What advice would you give to a peer who is looking to pursue a career in engineering / energy efficiency?
I would tell them there are multiple paths you can take to become seasoned in this industry, but to be self-taught will provide the greatest value. Some of the smartest, most experienced HVAC technicians and energy consultants I’ve met had no formal education or engineering degree. Many of them were self-taught through years of hands on experience. If you are determined and ask the right questions, you will go as far as you wish.
Energy efficiency in buildings stems from having a holistic approach to its systems and components. It is the attempt to view a building as one system and not by each of its components. Everything is interconnected. You should aim to have a variety of skills that compliment this approach. Learn everything from air and water movement in a building, to the architecture and HVAC systems, the energy analysis, and even its occupants and how they behave and affect the building’s energy use.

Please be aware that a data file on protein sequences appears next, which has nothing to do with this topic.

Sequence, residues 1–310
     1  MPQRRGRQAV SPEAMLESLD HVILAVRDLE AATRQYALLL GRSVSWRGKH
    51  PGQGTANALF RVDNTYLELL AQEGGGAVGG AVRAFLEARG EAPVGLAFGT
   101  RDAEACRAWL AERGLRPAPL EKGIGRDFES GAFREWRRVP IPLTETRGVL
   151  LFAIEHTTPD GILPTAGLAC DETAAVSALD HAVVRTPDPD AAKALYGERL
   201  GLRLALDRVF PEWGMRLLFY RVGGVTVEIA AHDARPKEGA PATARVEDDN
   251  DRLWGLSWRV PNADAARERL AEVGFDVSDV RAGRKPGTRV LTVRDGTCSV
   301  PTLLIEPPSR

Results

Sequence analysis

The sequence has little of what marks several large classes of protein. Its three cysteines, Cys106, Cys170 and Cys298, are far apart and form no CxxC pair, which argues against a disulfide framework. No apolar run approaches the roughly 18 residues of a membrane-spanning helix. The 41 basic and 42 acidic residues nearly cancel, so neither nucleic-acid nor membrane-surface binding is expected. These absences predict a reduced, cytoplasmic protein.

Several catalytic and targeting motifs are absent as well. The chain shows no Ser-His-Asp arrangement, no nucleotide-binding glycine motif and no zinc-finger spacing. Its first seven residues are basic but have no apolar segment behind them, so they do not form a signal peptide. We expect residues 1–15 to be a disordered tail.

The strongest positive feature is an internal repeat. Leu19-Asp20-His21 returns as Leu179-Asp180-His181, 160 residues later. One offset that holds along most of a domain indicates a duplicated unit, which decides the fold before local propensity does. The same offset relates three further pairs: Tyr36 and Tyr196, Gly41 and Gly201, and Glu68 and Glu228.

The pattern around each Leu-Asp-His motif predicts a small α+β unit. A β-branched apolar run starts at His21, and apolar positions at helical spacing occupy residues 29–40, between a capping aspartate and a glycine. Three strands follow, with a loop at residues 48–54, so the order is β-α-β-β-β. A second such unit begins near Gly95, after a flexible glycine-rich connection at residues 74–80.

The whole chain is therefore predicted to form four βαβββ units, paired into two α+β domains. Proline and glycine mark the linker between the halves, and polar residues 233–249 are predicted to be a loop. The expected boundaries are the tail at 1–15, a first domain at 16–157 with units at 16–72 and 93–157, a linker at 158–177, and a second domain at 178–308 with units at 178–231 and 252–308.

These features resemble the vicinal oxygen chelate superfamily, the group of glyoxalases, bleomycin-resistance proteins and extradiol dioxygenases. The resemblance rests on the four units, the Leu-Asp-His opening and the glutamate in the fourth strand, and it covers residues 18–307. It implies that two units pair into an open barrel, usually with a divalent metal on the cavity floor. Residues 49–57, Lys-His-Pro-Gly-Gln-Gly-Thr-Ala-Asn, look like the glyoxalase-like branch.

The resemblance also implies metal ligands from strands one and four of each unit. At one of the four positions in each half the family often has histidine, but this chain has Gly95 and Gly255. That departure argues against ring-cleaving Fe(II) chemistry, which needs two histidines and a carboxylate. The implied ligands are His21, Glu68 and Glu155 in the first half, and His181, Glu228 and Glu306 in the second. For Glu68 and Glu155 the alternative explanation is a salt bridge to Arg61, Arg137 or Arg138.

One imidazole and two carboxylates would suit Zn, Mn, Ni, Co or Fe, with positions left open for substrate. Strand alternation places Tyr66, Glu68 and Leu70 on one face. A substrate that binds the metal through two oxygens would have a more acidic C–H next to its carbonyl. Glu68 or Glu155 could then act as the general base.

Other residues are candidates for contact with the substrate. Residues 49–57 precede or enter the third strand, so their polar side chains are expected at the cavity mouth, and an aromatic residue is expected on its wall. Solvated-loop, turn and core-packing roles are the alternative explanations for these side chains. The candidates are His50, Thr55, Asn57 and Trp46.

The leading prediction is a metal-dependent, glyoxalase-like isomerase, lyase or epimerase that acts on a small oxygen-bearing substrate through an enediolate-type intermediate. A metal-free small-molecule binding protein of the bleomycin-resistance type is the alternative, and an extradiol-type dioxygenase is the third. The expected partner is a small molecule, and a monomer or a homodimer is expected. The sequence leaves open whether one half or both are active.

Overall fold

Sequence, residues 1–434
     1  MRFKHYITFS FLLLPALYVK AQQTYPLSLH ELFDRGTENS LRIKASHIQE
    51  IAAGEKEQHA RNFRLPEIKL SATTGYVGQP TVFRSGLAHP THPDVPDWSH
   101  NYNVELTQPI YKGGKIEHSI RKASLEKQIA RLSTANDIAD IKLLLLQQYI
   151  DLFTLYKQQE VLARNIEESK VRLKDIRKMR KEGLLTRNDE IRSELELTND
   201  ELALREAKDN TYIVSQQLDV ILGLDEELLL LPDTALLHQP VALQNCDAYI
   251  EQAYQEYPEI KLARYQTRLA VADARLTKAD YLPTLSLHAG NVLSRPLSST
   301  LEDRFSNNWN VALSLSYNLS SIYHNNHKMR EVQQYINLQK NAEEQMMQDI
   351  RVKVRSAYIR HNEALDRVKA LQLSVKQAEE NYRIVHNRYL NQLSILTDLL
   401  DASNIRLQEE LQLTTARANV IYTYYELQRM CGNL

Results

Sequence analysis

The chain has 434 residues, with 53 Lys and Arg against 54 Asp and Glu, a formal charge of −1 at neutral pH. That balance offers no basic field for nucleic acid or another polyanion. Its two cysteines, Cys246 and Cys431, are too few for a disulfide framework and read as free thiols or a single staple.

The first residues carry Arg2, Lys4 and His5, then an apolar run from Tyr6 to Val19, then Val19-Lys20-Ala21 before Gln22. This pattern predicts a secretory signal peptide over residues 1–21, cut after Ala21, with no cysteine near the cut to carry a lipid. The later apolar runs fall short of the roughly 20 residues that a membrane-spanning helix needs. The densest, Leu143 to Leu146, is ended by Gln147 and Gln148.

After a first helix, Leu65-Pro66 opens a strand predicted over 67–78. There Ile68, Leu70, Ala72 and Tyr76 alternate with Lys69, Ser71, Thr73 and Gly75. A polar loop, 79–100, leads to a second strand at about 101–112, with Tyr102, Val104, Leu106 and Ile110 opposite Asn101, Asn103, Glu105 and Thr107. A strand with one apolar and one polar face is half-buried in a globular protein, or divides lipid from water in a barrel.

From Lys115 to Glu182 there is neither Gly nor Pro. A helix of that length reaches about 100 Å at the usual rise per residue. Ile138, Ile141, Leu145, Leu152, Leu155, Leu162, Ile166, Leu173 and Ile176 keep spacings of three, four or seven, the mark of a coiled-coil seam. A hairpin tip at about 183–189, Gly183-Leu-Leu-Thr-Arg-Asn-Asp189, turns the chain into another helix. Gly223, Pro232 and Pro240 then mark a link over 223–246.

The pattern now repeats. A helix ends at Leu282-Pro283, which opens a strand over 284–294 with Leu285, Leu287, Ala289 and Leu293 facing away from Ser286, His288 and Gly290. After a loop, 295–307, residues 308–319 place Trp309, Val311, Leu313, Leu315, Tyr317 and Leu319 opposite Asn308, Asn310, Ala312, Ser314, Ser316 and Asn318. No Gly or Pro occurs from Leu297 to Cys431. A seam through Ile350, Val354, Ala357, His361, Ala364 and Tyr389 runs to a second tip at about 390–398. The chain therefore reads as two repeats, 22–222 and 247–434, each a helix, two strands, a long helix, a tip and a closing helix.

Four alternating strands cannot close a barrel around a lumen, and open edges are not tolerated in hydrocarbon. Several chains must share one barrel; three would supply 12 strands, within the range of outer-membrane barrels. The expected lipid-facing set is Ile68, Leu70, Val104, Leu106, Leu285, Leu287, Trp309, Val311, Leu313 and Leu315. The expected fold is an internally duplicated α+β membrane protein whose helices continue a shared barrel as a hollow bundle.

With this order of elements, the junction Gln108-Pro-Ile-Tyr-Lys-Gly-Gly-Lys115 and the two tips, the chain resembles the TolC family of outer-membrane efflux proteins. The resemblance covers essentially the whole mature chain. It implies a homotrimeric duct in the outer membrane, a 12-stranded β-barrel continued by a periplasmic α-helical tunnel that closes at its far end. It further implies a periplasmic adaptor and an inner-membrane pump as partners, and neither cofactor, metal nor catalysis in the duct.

Buildings are diverse. Be diverse.
If you would like to learn more about Kim, or have a question about her engineering work with Edison Energy, connect with her on LinkedIn!